Market in Upward Trend
CHICAGO -- Regulators shut down seven Illinois banks Friday, bringing this year's tally of failed U.S. banks and thrifts to 57. The Federal Deposit Insurance Corp. found buyers for all of the failed institutions, and the failed banks' branches were all expected to reopen Saturday.
All of the failed institutions were included in TheStreet.com's list of undercapitalized banks. Ten banks in Illinois have failed this year, the most for any state, followed by Florida with nine -- including three bank failures last week -- and Georgia with seven.
As you may have noticed, I've been off from newsletter duty for a few weeks. It's always tougher around tax season. Plus, I have been working feverishly to put the finishing touches on a book project I've been collaborating on with a former fellow Harvard colleague, Glenn Hubbard. The book is scheduled to come out in August, which means that we have to put the manuscript to bed by mid-May. So again forgive me for the silence.
That said, nothing much has changed from my last missive other than the market's upward trend has firmed up even a bit more. From a technical analysis point of view, all major indicators appear to be hitting on all cylinders. Waiting for the "market correction" or market pullback that everyone has been expecting has been much like Waiting for Godot -- who never comes.
Despite the market's bullish trend, I continue to be cashed out of most of the stock market and have shifted a significant chunk of my assets into a new piece of real estate. In doing so, I am implicitly calling a bottom in the housing market -- at least as it pertains to coastal California -- and I'm also implicitly calling a bottom in the mortgage market (if I have indeed correctly hit that bottom, I may wind up being one of the last few Californians to have gotten a 30-year jumbo fixed mortgage rate under 5%).
As for my trade that is not working for me (yet), I'm down about 6% on my "short the long bond" TBT gambit. The good news here is that the trade has gone sideways on me for a very logical macro economic-based reason. To wit: the trouble in Europe with the PIGS -- Portugal, Ireland, Greece, and Spain -- (particularly Greece) has triggered a flight to quality to the US and bonds have been a major asset of choice. As the dollar has strengthened and the euro has fallen, bond prices have been bid up, yields have fallen, and TBT has been a casualty.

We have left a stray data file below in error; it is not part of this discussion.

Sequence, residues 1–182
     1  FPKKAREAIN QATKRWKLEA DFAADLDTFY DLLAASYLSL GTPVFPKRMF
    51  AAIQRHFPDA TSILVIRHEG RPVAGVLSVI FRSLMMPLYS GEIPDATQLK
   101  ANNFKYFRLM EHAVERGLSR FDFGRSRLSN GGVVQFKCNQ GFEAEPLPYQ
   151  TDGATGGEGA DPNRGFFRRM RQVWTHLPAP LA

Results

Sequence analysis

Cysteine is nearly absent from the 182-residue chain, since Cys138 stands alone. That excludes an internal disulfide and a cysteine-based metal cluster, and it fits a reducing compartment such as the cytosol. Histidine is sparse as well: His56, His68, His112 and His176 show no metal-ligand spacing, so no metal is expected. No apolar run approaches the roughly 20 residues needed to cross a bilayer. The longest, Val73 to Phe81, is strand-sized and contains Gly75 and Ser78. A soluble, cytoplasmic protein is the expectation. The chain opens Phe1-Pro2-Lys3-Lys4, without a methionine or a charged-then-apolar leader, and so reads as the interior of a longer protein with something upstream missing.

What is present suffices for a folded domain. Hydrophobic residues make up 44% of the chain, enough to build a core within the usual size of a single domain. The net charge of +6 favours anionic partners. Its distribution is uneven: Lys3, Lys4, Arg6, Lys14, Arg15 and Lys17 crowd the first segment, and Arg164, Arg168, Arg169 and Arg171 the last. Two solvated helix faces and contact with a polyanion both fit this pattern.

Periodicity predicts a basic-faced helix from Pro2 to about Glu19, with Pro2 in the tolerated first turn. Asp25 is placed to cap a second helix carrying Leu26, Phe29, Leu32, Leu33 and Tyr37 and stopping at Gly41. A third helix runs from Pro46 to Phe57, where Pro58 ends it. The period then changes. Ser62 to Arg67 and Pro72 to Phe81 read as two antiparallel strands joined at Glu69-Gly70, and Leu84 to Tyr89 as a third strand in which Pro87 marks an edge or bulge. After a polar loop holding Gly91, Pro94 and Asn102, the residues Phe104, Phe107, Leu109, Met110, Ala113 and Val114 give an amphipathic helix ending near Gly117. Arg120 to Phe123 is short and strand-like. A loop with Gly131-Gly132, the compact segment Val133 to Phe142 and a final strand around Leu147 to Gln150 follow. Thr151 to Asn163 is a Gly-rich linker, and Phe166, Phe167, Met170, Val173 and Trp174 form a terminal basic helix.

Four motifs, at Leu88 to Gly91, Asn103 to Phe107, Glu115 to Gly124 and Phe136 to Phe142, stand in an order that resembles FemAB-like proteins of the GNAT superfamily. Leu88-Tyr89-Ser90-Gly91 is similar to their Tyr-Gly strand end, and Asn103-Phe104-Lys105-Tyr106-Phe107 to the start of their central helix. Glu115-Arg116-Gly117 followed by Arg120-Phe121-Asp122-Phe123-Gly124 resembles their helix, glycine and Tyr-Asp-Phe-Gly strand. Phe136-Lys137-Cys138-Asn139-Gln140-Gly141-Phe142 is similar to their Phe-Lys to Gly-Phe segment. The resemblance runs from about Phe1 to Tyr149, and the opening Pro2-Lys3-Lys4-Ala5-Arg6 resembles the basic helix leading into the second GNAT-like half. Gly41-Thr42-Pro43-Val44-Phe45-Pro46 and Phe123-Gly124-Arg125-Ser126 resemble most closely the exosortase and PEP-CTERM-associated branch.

The good news here for anyone hanging on to TBT -- or who wants to try this trade -- is that it is difficult to imagine a scenario where TBT could fall much lower. That would require a very unlikely further fall in long bond yields. So at this point, entry into this trade gives you much higher upside reward than downside risk. Ergo, I'm hanging on to TBT.
What I'm not hanging onto for now is my most successful biotech trade of all time – Prolor (PBTH). I nursed the stock for several years all the way from less than $.50 to close to five bucks and it's time to take my profits. This is not to say I won't reload. I do see this as a good long-term play. However, right now, a significant retracement looms as a significant possibility and I don't want to get left holding that bag.
As for my next highly speculative -- and I emphasize the word highly -- biotech stock, I am building a position in Senesco (SNT). It's a development stage company that has applications for both humans and agriculture. Last week was a good week as it jumped from $.40 to $.60. I'm always leery about some "pumping and dumping" going on, but this does seem like an interesting stock. Whatever you do, don't buy it based on what I'm writing here. I repeat, don't buy it because of what I'm writing here. Rather, do some of your own research and let me know what you think about this. I really would like to gather some more intelligence about this company.
As a final comment, I put that quote at the beginning of this newsletter about bank failures as a reminder that we are hardly out of the woods with respect to the credit and financial crisis. The good news about those bank failures, however, is that there were ready buyers for the failed banks.